Just a few days before what would have been his 58th birthday, an unidentified law enforcement official has reported Prince’s death was a result of an opioid overdose.
Very quickly after his untimely death on April 21 however, reports were surfacing in tabloids like the Daily Mail and the National Enquirer that Prince had in fact died of AIDS-related illness. In the age of social media, these news reports were quickly posted by people on social media, republished by blogs, and talked about on radio shows. While no one has publicly stepped forward with any proof of the claim that Prince was HIV-positive, what this example does show us is how much HIV stigma is still alive and well today.
According the National Enquirer and their “sources,” Prince had been diagnosed with HIV in the 1990s, and due to his Jehovah’s Witness faith, he refused to accept treatment with antiretroviral therapy. Their story also claims he was given an AIDS diagnosis six months ago, and his family has been lobbying police officials and the coroner to not release any information about his “lifestyle” that would tarnish his legacy.
I do not claim to know whether or not Prince was HIV-positive—and we may never know. But we do have to wonder why, in the height of a major problem with addiction to opiods in the U.S., the rumors surrounding the shocking death of this particular pop star was associated with HIV while knowledge of his opioid use was documented within nearly hours of his passing?
Part of the reason HIV becomes the central rumor to Prince’s death has everything to do with homophobia, and particularly a stigma around bisexuality and gender transgression. From his entrance into the music scene in the late 1970s, Prince very much played with gender, including wearing stiletto heels and bikini underwear on stage. But his play with gender went well beyond what many people would be comfortable with. Not only was it his performances and personal style, it was lyrics like the infamous lines from 1981’s Controversy “I don’t understand all the things people say/Controversy/Am I black or white?/Am I straight or gay?” And in the song, he never answers the question.
Prince and his then wife Manuela Testolini at the 77th Academy Awards in 20015 (AP Photo/Kevork Djansezian)
Despite his public relationships with women like Vanity, Kim Basinger, Apollonia, and Susanna Hoffs, and his two marriages (to Mayte Garcia and Manuela Testolini), for much of his career he was suspected of being sexually fluid. And up until his conversion to Jehovah’s Witness religion in 2001, he skirted the issue of his own sexual identity. Even as late as 1996, Prince, in an interview for the Oprah Winfrey Show, is goaded into declaring whether the rumors of him being gay or bisexual are true, to which he responds, “Hey, whatever floats the boat.”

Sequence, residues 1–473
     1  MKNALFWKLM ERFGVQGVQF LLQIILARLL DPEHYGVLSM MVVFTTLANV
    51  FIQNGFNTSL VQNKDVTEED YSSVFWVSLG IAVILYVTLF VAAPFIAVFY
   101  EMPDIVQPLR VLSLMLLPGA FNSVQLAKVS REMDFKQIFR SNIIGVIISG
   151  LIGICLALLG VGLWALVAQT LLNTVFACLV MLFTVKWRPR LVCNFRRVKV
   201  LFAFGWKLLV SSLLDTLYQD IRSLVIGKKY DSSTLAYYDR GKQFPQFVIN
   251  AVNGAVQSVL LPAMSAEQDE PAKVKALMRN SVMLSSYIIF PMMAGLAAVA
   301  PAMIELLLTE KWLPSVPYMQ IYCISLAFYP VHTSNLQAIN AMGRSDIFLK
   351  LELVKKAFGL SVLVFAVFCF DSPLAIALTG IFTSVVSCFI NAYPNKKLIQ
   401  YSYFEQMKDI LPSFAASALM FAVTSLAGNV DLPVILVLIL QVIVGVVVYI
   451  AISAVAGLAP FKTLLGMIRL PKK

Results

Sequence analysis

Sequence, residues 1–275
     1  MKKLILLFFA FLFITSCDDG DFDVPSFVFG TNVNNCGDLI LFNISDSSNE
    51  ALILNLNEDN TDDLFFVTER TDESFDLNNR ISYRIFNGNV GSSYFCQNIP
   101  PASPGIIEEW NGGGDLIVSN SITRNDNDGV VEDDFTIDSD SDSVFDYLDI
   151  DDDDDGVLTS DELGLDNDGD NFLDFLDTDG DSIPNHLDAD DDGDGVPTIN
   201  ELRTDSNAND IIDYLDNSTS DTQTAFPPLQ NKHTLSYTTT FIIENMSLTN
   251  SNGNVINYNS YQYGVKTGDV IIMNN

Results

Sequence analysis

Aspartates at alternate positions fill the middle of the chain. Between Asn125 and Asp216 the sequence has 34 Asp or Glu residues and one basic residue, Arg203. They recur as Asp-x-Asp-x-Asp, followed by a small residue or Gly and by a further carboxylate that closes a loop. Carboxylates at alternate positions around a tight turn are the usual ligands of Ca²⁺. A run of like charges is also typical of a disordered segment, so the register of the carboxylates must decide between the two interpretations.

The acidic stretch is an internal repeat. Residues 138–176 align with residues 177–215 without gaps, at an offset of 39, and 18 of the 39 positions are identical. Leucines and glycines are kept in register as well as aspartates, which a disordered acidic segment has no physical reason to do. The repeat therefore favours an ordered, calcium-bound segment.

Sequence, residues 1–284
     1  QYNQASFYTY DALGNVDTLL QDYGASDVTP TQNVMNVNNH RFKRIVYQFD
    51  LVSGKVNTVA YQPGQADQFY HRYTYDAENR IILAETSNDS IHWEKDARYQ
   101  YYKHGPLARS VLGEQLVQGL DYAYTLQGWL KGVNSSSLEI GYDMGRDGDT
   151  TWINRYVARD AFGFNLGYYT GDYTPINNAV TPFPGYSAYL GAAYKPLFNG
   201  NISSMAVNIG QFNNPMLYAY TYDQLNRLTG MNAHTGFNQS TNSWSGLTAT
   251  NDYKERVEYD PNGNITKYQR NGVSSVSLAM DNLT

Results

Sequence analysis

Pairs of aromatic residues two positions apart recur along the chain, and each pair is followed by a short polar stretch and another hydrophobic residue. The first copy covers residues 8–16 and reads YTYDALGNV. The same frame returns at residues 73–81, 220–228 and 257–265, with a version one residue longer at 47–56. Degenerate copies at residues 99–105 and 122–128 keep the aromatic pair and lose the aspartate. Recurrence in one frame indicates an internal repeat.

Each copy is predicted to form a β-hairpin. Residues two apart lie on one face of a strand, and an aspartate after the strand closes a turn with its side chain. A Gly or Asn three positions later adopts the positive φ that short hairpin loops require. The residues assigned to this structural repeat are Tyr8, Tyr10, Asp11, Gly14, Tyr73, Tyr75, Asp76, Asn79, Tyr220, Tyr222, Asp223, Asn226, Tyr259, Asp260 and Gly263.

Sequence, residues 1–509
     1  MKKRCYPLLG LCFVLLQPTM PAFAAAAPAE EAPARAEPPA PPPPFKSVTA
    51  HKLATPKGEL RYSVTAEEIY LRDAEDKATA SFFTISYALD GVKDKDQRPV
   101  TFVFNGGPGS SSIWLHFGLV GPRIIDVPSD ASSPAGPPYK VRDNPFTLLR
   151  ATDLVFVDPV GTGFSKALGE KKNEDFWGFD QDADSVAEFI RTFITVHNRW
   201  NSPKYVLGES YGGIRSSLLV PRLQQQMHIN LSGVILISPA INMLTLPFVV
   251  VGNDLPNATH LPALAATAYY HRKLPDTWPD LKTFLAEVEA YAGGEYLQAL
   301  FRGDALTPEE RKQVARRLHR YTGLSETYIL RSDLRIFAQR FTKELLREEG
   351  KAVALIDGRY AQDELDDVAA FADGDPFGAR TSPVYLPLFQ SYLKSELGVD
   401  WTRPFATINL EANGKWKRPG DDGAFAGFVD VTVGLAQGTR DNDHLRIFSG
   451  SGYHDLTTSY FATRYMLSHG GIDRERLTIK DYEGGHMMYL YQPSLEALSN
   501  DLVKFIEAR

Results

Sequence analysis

So part of what we are supposed to understand about Prince, if we are to believe the rumors he was HIV-positive and died of AIDS, is his death is yet another black man “down low” story — and that his death is a cautionary tale of promiscuity, gender transgression, and a certain “lifestyle” that leads one to premature death and debasement.
Deaths of other famous people that were related to substance use and overdose didn’t carry the same stigma of HIV associated with their passing. I don’t recall much talk of HIV where Michael Jackson, Whitney Houston, or Amy Winehouse were concerned. But because Prince’s persona was very much associated with sexuality and gender fluidity, we are supposed to more easily accept his death as HIV related, and continue to indulge the scandal and shock of it all in tabloids and blogs.
But Prince himself didn’t shy away from HIV in his music — both before and after it was popular to do so. Much like his broad range of sexuality and gender expression, Prince inlcuded HIV in his lyrics. His 1987 song “Sign ‘O’ The Times,” opens with the line “In France, a skinny man died of a big disease with a little name.” In 2004, his song about the persistence of racism in the world, “Dear Mr. Man,” contains the lyric, “Ain’t nothing fair about welfare, ain’t no assistance in AIDS.”
Sadly, I wish that there was more space to talk about the impact HIV stigma still has on the LGBTQ community. This Sunday marks the 35th anniversary of the first Centers for Disease Control and Prevention report confirming five cases of pneumocystis pneumonia in gay men, which was how we began to recognize what we now know as HIV. And yet, in 2016, I am well aware of the ads on hookup sites with people declaring themselves “clean,” or “drug and disease free.” I know gay and bisexual men and transgender women who are still afraid to disclose their HIV status, or to tell people they’ve chosen to take PrEP to prevent HIV, for fear of judgment. I have friends, community members, and colleagues who are dying of AIDS-related illness or suicide or overdoses that stem from the stigma of their diagnoses — and in their deaths, we in the LGBTQ community collude in their cover-up instead of being outraged that our friends and lovers are still dying in shame.
I wish that we actually had more honest conversations about the ways in which the stigma of HIV is still impacting us. And I wish that people dying young made us angry, and not conspire to keep the secret. But I don’t think that rumors about Prince’s death will get us there. I think these rumors don’t do anything but further shame and stigma. These rumors are an attempt to give those of us who claim our sex, our genders, and our very lives as our own, more reason to stay in somebody’s closet — drug and disease-free or otherwise.
Kenyon Farrow is a writer and activist, and the U.S. & Global Health Policy Director with Treatment Action Group. Find him at KenyonFarrow.com or @kenyonfarrow.